We hypothesize that increased GDM awareness may have led treating doctors to initiate or adjust insulin therapy not only on the basis of pre and postprandial glucose levels but also due to regular ultrasonographic evaluation of fetal growth/abdominal circumference. It is a well-known clinical experience that some mothers do experience excess fetal growth despite normal or near-normal levels of glucose and HbA1c.

Finally, patients referred from neighbouring hospitals to our tertiary center are those who exhibit the most severe variants of GDM. Centralized treatment of women requiring insulin therapy, introduction of formalized agreements between secondary and tertiary hospitals, and revision of guidelines regarding GDM treatment are all actions that encourage the secondary hospitals to pay more attention to GDM care. Unfortunately, our data do not allow us to identify those patients referred specifically for insulin treatment from neighbouring hospitals. Also, our data do not allow us to discern HbA1c, daily blood sugar levels, or the total daily insulin requirements among pregnant women with GDM. Many pregnant women with GDM maintain a normal HbA1c level for long periods, and the utility of HbA1c as a marker of GDM control is not well established. Future studies should explore if more pregnant women with GDM are put on a low-insulin dose treatment during GDM pregnancy. Finally, one could surmise that as the same team members in our team for pregnant women with diabetes, including the dietician, have been working together for more than 15 years, clinical experience has been accumulated and probably has an impact on daily clinical work.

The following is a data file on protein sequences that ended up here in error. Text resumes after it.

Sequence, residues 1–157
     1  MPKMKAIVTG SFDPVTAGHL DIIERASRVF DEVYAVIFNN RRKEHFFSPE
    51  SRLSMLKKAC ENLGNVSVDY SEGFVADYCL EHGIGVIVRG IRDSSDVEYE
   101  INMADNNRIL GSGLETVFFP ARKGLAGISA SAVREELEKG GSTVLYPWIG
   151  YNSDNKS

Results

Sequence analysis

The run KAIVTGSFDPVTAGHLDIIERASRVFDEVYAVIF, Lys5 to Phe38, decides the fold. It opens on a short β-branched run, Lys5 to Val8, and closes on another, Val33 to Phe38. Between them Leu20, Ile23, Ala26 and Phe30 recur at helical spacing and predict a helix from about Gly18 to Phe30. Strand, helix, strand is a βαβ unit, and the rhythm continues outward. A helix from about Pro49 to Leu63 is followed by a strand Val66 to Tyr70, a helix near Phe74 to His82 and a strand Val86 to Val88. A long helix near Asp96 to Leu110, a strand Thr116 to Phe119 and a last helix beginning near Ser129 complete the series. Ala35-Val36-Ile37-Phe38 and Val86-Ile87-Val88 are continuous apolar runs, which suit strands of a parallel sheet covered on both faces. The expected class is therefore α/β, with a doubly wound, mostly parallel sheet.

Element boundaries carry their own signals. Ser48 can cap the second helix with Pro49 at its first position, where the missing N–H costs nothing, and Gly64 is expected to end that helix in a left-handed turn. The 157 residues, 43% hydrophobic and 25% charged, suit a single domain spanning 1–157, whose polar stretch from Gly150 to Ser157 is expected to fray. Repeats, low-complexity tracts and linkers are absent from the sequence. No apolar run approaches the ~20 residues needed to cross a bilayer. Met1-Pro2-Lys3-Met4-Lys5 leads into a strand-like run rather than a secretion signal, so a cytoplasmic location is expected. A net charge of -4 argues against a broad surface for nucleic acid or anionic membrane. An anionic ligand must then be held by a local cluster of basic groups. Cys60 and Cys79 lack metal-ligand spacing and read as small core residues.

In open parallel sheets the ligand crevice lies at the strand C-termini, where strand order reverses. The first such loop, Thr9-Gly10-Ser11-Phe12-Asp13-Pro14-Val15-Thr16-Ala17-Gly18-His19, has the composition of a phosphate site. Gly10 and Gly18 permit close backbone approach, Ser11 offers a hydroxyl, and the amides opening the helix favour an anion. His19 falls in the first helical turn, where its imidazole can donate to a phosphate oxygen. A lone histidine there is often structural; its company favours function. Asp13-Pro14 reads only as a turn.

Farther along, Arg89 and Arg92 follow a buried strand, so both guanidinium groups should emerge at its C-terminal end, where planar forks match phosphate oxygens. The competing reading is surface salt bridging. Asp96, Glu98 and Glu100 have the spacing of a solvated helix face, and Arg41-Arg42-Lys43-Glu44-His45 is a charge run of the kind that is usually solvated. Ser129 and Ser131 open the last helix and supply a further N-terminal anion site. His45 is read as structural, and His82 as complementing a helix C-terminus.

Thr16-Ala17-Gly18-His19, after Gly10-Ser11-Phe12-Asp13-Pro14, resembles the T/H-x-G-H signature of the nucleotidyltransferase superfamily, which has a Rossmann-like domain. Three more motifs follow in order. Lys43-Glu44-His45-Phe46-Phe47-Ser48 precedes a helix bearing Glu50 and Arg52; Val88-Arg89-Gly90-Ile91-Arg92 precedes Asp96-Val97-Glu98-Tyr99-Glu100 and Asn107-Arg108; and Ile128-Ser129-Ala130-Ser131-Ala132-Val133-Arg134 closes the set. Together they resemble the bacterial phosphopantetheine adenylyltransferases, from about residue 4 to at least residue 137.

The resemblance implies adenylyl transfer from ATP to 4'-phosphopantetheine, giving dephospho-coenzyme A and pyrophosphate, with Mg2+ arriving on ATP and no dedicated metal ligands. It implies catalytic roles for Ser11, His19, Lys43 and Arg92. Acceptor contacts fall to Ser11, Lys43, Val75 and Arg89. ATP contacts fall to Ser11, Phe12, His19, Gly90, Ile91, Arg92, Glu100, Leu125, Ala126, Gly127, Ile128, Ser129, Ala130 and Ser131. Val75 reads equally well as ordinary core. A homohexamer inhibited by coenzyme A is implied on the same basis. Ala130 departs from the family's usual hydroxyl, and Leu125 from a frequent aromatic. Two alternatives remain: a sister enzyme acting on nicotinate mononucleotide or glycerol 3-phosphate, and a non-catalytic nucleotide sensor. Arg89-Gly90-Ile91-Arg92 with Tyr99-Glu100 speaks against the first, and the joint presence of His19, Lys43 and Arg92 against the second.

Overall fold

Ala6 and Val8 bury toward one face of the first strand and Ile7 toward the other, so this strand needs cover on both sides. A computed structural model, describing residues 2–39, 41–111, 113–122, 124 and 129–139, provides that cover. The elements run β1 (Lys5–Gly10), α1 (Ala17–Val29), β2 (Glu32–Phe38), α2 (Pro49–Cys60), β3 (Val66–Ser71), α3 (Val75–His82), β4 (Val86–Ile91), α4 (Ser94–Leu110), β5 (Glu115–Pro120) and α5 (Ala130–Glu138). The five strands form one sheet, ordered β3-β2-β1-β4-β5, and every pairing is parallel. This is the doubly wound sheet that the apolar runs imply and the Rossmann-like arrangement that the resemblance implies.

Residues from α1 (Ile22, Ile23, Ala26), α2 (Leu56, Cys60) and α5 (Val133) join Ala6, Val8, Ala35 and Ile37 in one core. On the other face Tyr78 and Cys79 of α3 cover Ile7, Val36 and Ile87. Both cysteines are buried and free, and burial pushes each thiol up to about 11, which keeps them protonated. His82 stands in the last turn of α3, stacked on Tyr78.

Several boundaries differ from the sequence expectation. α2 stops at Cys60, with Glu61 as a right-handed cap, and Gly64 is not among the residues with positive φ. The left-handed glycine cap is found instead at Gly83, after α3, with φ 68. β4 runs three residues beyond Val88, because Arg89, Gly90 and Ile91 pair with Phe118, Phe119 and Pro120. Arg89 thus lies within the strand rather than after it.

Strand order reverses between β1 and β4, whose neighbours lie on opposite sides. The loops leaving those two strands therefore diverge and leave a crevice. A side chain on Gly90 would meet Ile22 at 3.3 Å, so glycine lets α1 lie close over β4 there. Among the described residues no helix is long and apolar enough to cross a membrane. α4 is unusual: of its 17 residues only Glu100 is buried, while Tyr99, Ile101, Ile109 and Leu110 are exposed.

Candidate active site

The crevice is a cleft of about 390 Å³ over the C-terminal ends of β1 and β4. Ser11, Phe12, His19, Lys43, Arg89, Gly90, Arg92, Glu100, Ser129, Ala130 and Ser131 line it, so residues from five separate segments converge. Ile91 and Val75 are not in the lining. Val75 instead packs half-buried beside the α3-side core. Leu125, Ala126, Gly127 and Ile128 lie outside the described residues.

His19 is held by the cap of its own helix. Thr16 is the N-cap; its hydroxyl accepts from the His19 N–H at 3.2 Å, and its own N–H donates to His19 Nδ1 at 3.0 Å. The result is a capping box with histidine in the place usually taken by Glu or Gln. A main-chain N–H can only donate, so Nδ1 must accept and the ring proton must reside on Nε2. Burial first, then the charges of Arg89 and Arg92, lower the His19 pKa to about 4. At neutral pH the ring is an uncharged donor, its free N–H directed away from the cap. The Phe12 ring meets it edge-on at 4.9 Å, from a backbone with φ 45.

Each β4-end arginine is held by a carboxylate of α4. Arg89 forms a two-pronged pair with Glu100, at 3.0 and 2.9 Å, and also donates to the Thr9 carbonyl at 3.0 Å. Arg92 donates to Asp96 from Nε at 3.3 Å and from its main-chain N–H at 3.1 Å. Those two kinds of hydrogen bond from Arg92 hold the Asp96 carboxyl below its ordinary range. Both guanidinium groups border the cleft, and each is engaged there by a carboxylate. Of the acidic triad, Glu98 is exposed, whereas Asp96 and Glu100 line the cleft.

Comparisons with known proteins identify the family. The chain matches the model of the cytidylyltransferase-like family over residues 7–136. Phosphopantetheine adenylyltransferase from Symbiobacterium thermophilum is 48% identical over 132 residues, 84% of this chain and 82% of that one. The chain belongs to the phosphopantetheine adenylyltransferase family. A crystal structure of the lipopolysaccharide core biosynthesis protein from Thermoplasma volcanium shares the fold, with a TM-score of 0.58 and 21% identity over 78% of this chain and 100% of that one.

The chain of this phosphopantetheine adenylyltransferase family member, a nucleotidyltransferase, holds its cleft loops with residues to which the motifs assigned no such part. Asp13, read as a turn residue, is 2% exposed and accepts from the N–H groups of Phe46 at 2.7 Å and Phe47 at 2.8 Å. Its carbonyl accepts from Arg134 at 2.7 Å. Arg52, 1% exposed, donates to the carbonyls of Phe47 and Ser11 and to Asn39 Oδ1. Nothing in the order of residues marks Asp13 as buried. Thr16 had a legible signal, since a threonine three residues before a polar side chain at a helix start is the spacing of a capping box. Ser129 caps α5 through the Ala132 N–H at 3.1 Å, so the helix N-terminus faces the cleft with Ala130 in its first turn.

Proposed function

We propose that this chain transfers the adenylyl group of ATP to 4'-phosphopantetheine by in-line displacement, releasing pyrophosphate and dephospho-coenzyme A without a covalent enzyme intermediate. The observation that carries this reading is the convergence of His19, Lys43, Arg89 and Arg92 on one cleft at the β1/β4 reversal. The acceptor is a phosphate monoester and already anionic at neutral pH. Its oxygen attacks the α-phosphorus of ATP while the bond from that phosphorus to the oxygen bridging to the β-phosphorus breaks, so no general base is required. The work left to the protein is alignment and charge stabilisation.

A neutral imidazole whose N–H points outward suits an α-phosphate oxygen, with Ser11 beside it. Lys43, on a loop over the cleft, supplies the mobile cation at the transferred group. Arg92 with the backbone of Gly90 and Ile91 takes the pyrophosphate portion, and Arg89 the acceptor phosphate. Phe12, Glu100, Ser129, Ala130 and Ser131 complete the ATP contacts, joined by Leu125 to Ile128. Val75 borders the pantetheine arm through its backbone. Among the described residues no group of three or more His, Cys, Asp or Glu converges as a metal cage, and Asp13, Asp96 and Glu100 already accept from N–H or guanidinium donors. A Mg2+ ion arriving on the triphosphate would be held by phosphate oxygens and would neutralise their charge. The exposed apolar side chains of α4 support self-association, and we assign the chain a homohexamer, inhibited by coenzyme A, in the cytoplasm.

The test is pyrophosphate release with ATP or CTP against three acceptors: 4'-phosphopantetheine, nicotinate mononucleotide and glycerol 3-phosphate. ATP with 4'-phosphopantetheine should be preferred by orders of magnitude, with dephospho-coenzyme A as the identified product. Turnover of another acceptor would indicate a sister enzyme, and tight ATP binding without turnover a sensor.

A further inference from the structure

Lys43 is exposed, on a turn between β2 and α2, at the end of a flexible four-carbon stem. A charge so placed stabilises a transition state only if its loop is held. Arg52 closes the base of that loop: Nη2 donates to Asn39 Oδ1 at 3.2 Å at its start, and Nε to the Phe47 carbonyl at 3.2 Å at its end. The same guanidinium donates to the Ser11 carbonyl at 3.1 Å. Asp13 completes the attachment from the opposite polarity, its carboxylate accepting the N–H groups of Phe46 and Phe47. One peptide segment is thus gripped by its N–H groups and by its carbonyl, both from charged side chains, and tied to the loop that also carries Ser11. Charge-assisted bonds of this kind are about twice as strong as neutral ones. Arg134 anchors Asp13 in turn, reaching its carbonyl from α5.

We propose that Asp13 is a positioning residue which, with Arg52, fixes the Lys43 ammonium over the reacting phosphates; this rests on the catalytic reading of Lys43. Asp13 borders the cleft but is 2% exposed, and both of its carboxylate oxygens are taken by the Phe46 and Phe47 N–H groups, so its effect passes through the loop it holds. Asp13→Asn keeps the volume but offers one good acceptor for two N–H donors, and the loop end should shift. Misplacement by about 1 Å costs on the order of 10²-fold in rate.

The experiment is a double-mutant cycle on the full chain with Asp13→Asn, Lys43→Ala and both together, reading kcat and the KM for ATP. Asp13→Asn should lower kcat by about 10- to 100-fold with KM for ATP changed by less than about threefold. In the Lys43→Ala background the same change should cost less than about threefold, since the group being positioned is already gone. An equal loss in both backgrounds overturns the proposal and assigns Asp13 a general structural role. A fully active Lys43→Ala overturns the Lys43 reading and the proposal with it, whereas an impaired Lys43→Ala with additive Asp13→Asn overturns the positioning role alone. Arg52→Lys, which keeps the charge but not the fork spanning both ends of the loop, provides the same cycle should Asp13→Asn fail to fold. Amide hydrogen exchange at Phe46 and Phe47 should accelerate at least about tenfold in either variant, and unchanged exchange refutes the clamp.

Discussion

4.3. Birth Weights

Among GDM mothers, the average BW Z-score declined over time. We observed that the number of LGA infants declined with an increase in AGA infants. Thus, the average birth weight tended to normalize without an increase in SGA newborns. We conclude that the effect of interventions has been to normalize birth weights among those GDM women who would otherwise have given birth to the largest babies. This is a preferable outcome.

As can be seen from Figure 1, the birth weight in diet-treated women has been virtually normal for the last 5 years of the reported period. Although the birth weight is decreasing towards normal, some challenges remain in the insulin-treated group. In gestational diabetes, early and sufficient intervention with insulin is the key to achieve a good neonatal/obstetrical outcome when diet therapy fails to provide adequate glycemic control. Nevertheless, the time frame for treatment is very limited. Many women are reluctant to start insulin therapy, hoping that more intensive dietary management will achieve acceptable glycemic control. Although we do not have data on the gestational week of initiation of insulin therapy, we believe that this postponement of insulin treatment renders the time left to achieve normal birth weight limited. Another obstacle may be slow titration of insulin therapy. This is often commenced cautiously due to concerns about the risk of hypoglycemia, with a consequent delay in achieving optimal glycemic control.